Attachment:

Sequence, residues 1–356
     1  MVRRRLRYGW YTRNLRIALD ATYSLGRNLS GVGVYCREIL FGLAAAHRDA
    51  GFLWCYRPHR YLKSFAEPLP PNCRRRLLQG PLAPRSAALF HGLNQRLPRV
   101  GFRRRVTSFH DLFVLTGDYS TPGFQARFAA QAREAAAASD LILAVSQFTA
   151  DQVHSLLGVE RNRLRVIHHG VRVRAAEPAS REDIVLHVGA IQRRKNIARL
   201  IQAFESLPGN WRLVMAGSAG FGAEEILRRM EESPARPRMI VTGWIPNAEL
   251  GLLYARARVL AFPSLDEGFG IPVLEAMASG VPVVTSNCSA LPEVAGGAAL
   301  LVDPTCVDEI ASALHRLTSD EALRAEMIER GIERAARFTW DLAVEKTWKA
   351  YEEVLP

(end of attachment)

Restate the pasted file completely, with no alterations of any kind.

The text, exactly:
Sequence, residues 1–356
     1  MVRRRLRYGW YTRNLRIALD ATYSLGRNLS GVGVYCREIL FGLAAAHRDA
    51  GFLWCYRPHR YLKSFAEPLP PNCRRRLLQG PLAPRSAALF HGLNQRLPRV
   101  GFRRRVTSFH DLFVLTGDYS TPGFQARFAA QAREAAAASD LILAVSQFTA
   151  DQVHSLLGVE RNRLRVIHHG VRVRAAEPAS REDIVLHVGA IQRRKNIARL
   201  IQAFESLPGN WRLVMAGSAG FGAEEILRRM EESPARPRMI VTGWIPNAEL
   251  GLLYARARVL AFPSLDEGFG IPVLEAMASG VPVVTSNCSA LPEVAGGAAL
   301  LVDPTCVDEI ASALHRLTSD EALRAEMIER GIERAARFTW DLAVEKTWKA
   351  YEEVLP